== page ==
Mr. Greger

Ken Greger

Managing Director

AETHOS Consulting Group

A Managing Director with AETHOS Consulting Group, Ken Greger is based in Portland, OR. He has spoken multiple times at The Lodging Conference, ALIS, The Global Spa & Wellness Summit and to numerous other audiences. A frequent author, Mr. Greger’s articles have appeared in The Cornell H. R. A. Quarterly, Hotel & Motel Management, Hotel News Now and other leading industry news media. Mr. Greger is a Certified Public Accountant. He began his career with Deloitte & Touche and from there he entered the world of executive search and consulting. Mr. Greger later joined KPMG’s global search practice in Los Angeles, where he was also a member of the firm’s Entertainment Industry Practice Group. He was later recruited to lead executive search in the Western Region for Laventhol & Horwath. Mr. Greger left to launch Greger/Peterson Associates, Inc., a highly regarded executive search firm specializing in Hospitality & Leisure. In January 2016, more than 20 years later, the firm merged with AETHOS Consulting Group.

AETHOS Consulting Group is the world’s largest hospitality-focused executive search and advisory firm, renowned for its hands-on, consultative and bottom-line business approach. In 2016, AETHOS merged with U.S. west-coast based Greger/Peterson Associates, Inc. to form a global powerhouse consultancy firm for clients in the lodging, restaurant, gaming and private equity sectors. Through its offices in North America, Europe and Asia, AETHOS provides reputable, experienced and superior executive search. It also specializes in compensation consulting, business strategy, and performance, risk and asset management advisory services.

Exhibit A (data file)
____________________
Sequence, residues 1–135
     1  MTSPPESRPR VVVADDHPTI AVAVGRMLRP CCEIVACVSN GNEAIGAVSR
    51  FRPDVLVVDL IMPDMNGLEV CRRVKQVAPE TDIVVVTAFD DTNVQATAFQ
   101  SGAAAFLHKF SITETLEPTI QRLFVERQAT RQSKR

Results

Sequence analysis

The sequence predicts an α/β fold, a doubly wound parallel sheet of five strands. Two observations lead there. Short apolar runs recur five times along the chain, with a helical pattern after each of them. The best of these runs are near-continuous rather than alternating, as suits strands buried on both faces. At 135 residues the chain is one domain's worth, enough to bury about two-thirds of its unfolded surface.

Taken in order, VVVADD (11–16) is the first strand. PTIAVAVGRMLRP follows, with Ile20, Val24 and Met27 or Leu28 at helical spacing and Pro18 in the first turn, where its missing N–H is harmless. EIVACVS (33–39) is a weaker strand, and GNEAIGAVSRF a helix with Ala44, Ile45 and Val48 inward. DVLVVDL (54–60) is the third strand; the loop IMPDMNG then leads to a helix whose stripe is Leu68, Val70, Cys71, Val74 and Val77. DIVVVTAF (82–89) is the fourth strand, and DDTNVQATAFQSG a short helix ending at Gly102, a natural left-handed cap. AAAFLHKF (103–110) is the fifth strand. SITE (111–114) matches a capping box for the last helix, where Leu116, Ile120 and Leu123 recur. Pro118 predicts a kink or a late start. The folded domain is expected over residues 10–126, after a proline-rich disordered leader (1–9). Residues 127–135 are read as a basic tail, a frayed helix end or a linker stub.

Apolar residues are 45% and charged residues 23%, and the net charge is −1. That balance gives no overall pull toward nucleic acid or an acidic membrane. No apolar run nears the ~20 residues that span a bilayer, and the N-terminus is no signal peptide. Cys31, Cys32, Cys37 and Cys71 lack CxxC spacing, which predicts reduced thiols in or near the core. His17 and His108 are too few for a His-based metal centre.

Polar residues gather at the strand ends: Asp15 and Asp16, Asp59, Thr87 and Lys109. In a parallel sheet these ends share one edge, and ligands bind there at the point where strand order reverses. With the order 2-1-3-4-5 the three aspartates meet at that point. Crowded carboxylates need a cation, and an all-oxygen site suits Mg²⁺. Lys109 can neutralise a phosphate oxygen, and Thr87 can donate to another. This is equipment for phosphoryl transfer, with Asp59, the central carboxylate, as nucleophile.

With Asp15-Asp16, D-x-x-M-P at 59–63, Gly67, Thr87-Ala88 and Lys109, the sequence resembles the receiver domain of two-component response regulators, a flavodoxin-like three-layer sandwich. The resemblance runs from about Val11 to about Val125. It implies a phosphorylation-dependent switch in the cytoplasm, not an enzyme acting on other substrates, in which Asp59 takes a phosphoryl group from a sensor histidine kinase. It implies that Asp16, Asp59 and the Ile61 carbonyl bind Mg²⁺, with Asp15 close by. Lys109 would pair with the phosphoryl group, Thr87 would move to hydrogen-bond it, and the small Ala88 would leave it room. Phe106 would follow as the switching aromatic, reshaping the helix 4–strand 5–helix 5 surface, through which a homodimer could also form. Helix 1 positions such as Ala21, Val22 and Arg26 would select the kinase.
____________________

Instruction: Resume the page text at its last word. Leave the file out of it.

Please visit http://www.aethoscg.com for more information.

Mr. Greger can be contacted at 503-655-4100 or kgreger@aethoscg.com

Coming Up In The April Online Hotel Business Review




Feature Focus
Guest Service: The Personalized Experience
In the not-too-distant future, when guests arrive at a hotel, they will check themselves in using a kiosk in the lobby, by- passing a stop at the front desk. When they call room service to order food, it will be from a hotel mobile tablet, practically eliminating any contact with friendly service people. Though these inevitable developments will likely result in delivered to their door by a robot. When they visit a restaurant, their orders will be placed and the bill will be paid some staff reduction, there is a silver lining – all the remaining hotel staff can be laser-focused on providing guests with the best possible service available. And for most guests, that means being the beneficiary of a personalized experience from the hotel. According to a recent Yahoo survey, 78 percent of hotel guests expressed a desire for some kind of personalization. They are seeking services that not only make them feel welcomed, but valued, and cause them to feel good about themselves. Hotels must strive to establish an emotional bond with their guests, the kind of bond that creates guest loyalty and brings them back time and again. But providing personalized service is more than knowing your guests by name. It’s leaving a bottle of wine in the room of a couple celebrating their anniversary, or knowing which guest enjoys having a fresh cup of coffee brought to their room as part of a wake-up call. It’s the small, thoughtful, personal gestures that matter most and produce the greatest effect. The April issue of the Hotel Business Review will document what some leading hotels are doing to cultivate and manage guest satisfaction in their operations.